Moses Of Avaris
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    As soon as the vessel carrying Djehutemes was clear, Moses signaled his barge captain to take in the mooring lines. The royal barge was then towed by two small boats until it was in the river mainstream. Once in the swift current of mid-river, the small boats were released and sail was set as the barge headed north.

    It was a triumphant voyage for Moses. Every village, town and city they passed poured out their residents to cheer the conqueror of Ethiopia. They lined the riverbank, sometimes twenty deep. The prince took it all in. As they approached each crowd, Moses would don his war crown and breastplate. He would direct the barge captain to steer close to the bank. As they passed the crowd, he would raise his right hand, clutching the short ceremonial gold spear and accepting their accolades. As the Nile slowly widened so did the pride and confidence of Moses grow. He began to realize the power he would soon be assuming as Tut-Moses III, ruler of Two Lands. As soon as he would reach Abydos, a nine day feast would be held, followed by his marriage on the day of the spring equinox; then three months later, at the summer solstice, he would be crowned at Heliopolis; then a one year tour of Egypt in which the coronation would be repeated in each of eight more temples.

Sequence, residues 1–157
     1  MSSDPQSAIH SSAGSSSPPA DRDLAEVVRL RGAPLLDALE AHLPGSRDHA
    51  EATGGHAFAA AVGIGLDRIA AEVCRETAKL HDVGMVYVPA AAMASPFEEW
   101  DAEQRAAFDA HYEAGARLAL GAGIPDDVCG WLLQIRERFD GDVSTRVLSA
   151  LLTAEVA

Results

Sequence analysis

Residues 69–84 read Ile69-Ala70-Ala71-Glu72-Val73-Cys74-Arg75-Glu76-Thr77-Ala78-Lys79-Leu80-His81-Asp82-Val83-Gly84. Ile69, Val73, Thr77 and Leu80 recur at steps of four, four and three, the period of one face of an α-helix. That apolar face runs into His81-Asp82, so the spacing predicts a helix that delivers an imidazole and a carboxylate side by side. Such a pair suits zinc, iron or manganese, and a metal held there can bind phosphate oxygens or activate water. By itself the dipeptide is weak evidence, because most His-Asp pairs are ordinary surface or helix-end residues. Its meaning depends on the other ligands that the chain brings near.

The journey to Abydos took several days, with overnight stops to feast and rest. The next to last night of the voyage was spent at Armant. Here the crowd was especially enthusiastic, having been well orchestrated by Weben. It took thirty six spearmen to hold the mob back as Moses and Weben proceed towards the modest mayoral palace now occupied by Weben and his family. Pride swelled within the breast of the young prince.

    I am their Hero, and soon will be their Pharaoh, and their God, he thought boastfully.

Extract From Chapter 4

Extract from Chapter 7

Extract from Chapter 12

Extract from Chapter 25



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